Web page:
Epidemiological studies (“Trans Fatty Acids, Insulin Sensitivity and Type 2 Diabetes,” 2016) have shown that mono- and polyunsaturated fatty acids can promote the development of type 2 diabetes. The influence of monounsaturated trans fatty acids on insulin sensitivity has not been fully investigated. Increased consumption of industrially derived trans fatty acids has been shown to induce insulin sensitivity, especially in obese women with low levels of physical activity.
Visual taken from https://www.diabetes.co.uk/type2-diabetes.html
Since trans fats cause cell membranes to become rigid and inflexible, they may be a cause of diabetes. In type 2 diabetes, the pancreas functions, but not as efficiently as it should. The hormone insulin transports sugar into the cells and needs the cell walls to be permeable. If the cell walls are altered, it is harder for insulin to carry the sugar into the cells. So the body continues to produce insulin, but the impermeable and hardened walls prevent it from doing its job, so glucose is inefficiently converted into energy and excess glucose accumulates in the blood.
For people with type 2 diabetes who are overweight, weight loss is very effective in reducing insulin levels. Type 2 diabetes can sometimes be controlled by lifestyle changes, which include healthy eating/diet, daily physical activity and blood glucose monitoring.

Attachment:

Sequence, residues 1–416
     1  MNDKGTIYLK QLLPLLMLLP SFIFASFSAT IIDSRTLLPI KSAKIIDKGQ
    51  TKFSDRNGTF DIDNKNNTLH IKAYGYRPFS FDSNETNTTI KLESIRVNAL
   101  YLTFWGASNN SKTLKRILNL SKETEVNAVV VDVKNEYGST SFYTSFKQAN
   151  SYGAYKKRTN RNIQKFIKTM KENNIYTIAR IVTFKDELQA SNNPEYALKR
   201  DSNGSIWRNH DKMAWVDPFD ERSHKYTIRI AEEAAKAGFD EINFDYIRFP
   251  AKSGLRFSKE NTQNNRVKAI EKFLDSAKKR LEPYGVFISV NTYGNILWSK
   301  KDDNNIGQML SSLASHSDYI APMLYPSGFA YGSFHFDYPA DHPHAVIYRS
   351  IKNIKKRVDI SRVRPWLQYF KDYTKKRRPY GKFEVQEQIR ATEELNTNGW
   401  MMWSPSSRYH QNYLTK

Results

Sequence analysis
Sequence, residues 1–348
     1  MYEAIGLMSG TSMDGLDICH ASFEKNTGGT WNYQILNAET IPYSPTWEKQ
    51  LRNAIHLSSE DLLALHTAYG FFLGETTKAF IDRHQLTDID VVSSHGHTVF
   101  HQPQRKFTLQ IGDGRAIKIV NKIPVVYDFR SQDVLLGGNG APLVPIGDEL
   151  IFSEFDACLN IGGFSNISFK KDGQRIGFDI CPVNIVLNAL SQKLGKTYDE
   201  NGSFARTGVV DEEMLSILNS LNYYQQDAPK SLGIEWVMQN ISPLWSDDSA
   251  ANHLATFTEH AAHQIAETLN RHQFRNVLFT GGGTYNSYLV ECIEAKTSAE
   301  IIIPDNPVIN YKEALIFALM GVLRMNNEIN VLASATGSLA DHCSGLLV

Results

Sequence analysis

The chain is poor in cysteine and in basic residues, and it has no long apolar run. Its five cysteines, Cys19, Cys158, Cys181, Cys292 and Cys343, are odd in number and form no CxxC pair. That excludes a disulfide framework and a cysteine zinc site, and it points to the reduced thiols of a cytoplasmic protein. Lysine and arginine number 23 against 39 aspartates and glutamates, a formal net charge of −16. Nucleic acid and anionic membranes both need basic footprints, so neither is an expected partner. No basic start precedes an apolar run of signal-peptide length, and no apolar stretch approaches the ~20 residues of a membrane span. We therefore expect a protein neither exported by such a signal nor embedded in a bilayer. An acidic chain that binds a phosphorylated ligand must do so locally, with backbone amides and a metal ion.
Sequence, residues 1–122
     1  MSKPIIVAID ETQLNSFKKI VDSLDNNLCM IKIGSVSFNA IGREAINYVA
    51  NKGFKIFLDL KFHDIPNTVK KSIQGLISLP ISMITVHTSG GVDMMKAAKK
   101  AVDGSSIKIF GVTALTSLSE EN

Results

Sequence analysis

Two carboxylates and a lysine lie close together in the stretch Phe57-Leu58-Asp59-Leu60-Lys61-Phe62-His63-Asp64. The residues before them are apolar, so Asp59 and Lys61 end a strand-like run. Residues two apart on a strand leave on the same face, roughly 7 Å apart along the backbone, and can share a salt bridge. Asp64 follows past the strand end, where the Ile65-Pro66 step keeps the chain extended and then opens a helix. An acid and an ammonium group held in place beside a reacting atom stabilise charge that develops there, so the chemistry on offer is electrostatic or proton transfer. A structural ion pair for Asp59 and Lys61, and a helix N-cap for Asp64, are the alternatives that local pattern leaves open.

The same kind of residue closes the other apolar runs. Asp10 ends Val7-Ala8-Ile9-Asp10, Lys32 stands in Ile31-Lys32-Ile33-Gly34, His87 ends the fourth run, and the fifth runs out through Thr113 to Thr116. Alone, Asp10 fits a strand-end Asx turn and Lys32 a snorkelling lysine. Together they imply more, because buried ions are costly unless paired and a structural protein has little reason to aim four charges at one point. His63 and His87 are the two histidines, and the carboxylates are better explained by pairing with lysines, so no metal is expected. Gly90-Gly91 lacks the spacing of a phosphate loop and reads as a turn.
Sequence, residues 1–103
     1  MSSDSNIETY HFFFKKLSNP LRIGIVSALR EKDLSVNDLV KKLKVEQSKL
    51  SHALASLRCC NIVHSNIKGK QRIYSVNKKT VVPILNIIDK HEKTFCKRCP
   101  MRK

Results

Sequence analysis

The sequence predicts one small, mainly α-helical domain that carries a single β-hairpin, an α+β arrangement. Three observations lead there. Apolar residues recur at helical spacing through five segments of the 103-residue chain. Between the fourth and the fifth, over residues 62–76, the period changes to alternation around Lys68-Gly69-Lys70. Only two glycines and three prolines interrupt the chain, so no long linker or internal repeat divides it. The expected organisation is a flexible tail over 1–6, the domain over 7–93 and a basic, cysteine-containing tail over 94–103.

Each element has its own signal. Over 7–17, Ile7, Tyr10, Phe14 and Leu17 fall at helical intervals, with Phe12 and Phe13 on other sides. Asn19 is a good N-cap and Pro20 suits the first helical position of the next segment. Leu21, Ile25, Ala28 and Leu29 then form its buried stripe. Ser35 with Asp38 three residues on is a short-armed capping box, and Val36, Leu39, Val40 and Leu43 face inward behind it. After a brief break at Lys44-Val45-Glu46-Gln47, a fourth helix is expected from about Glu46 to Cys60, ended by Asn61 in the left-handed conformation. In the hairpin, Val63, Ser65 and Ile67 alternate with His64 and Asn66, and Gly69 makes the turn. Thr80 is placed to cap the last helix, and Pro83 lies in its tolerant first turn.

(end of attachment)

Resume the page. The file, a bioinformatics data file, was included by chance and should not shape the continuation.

Around 60 million people in the European region have diabetes mellitus (DM), and the disease is spreading among people of all ages. Currently, 10-15% of the population in some European countries has the disease. The increasing prevalence of diabetes is due to the growing number of overweight, obese, unhealthy eating, physical inactivity and socio-economic disadvantage. WHO predicts that diabetes will become the 7th most common cause of death by 2030 (Institute of Hygiene, 2016).
Visual taken from https://www.healthline.com/health/diabetes/types-of-diabetes